NHS staff roll up their sleeves to protect vulnerable people

Flu main imageStaff across Pennine Care are rolling up their sleeves to protect vulnerable patients from the effects of flu.

Flu will leave most people feeling ill and exhausted. However, for vulnerable people, such as children, the elderly and those with long-term health conditions or a weakened immune system, it can lead to severe infections, complications and even death.

Frontline staff are four times more likely than the general public to catch flu – and their absence from work puts additional pressure on services and staff that are already stretched during the busy winter months.

To reduce the impact of flu, NHS organisations across the country are required to vaccinate 75 per cent of their staff against flu.  For Pennine Care, this equates to 5,258 staff, which includes bank and temporary staff.

To reach this target, dedicated ‘flu champs’ and nurses in each borough have planned more than one hundred vaccination sessions right across the Pennine Care footprint.  They are pulling out all the stops, on top of their ‘day job’ to ensure the sessions are as convenient as possible for staff.

The campaign launched on 13 October and will run until January/February 2015.  To date over 1,000 members of staff have had their vaccine.

Last year Pennine Care achieved an uptake of 59 per cent – which was higher than the national average of 55 per cent.  The Trust is keen to further increase the uptake this year and exceed the national target.

Pennine Care’s top bosses are throwing their full support behind the campaign.  Chief Executive Michael McCourt, Acting Executive Director of Nursing Ian Trodden, Medical Director Henry Ticehurst and Chairman John Schofield have all had their flu vaccine and are encouraging staff across the Trust to follow their example.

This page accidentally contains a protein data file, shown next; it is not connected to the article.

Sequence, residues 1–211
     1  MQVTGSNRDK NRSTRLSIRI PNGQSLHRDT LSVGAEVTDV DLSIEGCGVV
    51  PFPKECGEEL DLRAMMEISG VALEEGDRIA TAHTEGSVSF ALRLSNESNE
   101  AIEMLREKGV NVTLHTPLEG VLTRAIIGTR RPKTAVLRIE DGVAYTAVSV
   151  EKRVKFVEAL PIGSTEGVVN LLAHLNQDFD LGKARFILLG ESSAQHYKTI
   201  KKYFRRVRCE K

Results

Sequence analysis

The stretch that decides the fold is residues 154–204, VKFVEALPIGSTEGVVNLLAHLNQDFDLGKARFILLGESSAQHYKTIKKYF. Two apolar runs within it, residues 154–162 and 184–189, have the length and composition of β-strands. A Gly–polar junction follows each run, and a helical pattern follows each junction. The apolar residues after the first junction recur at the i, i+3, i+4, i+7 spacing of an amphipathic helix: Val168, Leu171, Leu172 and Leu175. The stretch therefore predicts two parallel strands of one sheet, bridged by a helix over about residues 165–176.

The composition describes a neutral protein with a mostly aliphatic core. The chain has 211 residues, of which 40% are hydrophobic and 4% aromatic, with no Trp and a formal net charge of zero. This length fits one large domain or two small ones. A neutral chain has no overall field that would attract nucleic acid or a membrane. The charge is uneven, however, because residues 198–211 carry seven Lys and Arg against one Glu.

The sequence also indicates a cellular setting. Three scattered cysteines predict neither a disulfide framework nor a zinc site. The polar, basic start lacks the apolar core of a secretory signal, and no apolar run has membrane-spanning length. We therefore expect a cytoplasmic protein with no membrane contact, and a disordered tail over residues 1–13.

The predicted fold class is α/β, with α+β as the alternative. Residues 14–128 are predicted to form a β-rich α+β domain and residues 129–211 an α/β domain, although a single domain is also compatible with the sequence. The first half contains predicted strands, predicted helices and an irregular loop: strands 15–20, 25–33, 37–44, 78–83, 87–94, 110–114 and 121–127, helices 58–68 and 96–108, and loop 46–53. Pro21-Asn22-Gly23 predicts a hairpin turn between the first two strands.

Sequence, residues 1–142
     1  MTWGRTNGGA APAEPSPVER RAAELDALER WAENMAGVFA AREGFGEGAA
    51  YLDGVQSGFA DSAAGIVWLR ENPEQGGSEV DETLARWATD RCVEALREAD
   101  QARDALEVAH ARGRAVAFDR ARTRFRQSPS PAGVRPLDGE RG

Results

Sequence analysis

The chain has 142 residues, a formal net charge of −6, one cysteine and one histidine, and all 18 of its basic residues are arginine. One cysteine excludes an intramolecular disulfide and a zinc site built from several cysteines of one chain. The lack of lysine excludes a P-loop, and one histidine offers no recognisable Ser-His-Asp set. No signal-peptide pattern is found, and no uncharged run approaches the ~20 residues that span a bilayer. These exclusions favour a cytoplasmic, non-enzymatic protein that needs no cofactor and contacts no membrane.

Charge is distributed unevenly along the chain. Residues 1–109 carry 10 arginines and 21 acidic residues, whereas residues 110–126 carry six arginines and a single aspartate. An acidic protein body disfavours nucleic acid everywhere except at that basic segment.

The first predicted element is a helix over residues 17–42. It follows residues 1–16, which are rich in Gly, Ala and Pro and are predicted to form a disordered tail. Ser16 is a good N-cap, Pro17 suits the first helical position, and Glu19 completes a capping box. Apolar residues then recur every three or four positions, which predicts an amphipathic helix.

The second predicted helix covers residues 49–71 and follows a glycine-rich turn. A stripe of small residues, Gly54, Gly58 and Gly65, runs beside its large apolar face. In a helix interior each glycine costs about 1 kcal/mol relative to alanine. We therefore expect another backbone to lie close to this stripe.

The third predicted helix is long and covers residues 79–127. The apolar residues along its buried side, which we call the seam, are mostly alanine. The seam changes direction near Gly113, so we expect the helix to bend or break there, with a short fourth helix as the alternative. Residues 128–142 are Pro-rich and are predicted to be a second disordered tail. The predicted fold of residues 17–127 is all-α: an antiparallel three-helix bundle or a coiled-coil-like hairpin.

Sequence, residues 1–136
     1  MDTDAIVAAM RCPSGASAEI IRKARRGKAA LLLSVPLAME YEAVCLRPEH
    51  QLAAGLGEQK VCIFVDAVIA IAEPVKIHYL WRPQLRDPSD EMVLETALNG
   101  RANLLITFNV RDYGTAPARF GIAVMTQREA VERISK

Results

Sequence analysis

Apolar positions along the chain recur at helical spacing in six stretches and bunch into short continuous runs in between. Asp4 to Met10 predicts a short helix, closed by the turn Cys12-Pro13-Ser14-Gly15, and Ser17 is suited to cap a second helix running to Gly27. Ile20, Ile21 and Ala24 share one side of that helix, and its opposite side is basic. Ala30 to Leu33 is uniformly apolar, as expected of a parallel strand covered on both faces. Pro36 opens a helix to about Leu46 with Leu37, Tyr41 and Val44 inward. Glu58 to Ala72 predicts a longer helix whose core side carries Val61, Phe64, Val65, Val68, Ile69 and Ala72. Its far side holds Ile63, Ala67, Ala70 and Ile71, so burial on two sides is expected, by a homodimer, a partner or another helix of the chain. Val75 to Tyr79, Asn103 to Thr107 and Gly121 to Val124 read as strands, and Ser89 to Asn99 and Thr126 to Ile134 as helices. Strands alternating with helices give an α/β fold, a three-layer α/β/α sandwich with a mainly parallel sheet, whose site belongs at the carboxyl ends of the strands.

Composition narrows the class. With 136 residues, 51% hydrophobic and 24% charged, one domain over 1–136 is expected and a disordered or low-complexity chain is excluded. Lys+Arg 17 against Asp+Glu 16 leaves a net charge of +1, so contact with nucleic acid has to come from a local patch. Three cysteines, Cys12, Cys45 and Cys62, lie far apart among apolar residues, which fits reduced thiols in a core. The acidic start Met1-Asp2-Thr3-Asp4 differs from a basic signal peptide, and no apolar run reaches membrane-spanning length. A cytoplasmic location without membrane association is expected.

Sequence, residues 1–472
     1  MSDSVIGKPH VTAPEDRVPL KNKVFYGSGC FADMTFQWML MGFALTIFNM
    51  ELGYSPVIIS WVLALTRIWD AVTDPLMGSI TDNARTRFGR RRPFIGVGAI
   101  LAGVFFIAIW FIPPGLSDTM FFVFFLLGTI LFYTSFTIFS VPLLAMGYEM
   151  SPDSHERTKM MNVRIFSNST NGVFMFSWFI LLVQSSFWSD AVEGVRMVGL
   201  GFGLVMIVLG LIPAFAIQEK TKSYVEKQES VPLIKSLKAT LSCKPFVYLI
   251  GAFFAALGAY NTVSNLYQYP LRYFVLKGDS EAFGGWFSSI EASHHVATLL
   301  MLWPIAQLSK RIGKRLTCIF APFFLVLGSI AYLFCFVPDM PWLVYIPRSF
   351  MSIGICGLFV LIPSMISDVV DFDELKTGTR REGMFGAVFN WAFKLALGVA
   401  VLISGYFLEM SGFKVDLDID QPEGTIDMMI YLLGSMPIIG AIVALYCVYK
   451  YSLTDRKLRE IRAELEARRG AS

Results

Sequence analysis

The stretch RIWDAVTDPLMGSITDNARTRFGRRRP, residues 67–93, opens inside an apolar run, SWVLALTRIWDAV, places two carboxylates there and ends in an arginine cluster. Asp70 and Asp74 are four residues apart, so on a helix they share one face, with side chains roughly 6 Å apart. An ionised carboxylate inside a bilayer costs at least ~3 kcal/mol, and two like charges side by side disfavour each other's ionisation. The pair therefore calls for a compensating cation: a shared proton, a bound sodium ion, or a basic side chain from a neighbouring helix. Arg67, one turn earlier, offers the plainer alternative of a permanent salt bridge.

Michael McCourt said:  “I would personally like to thank everyone who has already had their flu jab for doing their bit to protect vulnerable service users from flu.
“As a former frontline health professional, and because I’m frequently out and about, I have my flu jab every year.  I’ve always felt a personal responsibility for protecting the health of patients, colleagues and my family and continue to take this responsibility seriously.”

Ian Trodden, who is also the executive lead for the flu campaign, said:  “We are absolutely committed to protecting our service users and staff against the effects of flu.

“We know that our staff are busy and can struggle to find the time to attend a vaccination session.  To address this, we have taken on board staff feedback from last year’s campaign and made many improvements to make it as easy as possible for them to have their flu jab.

“I’d like to take this opportunity to publically thank our flu champs and immunisation nurses, who are doing an excellent job of planning and delivering flu sessions right across the Pennine Care footprint. 

John Schofield added:  “While we are nationally required to achieve a 75 per cent uptake to, it’s not about simply clocking up numbers.  It’s about each and every member of staff being confident that we have done our bit to protect the 1.3 million service users we are responsible for."

Every year a range of unhelpful and inaccurate myths about the flu vaccine are circulated, which mean some staff are reluctant to have the vaccine. 

To tackle this and ensure Pennine Care’s staff are equipped with accurate information, Henry Ticehurst is using his medical expertise to pen some words of advice and encouragement.  Look out for his guest blog on Michael McCourt’s blog page: http://penninecareceo.blogspot.co.uk/

The flu vaccination is available free of charge to eligible members of the public, including those with a long term condition such as asthma, diabetes or heart disease; aged 65 and over and pregnant women.

Carers and those living in nursing or residential homes are also offered thevaccine, together with healthy children aged two to four years old.  People who are eligible should contact their GP practice to make an appointment.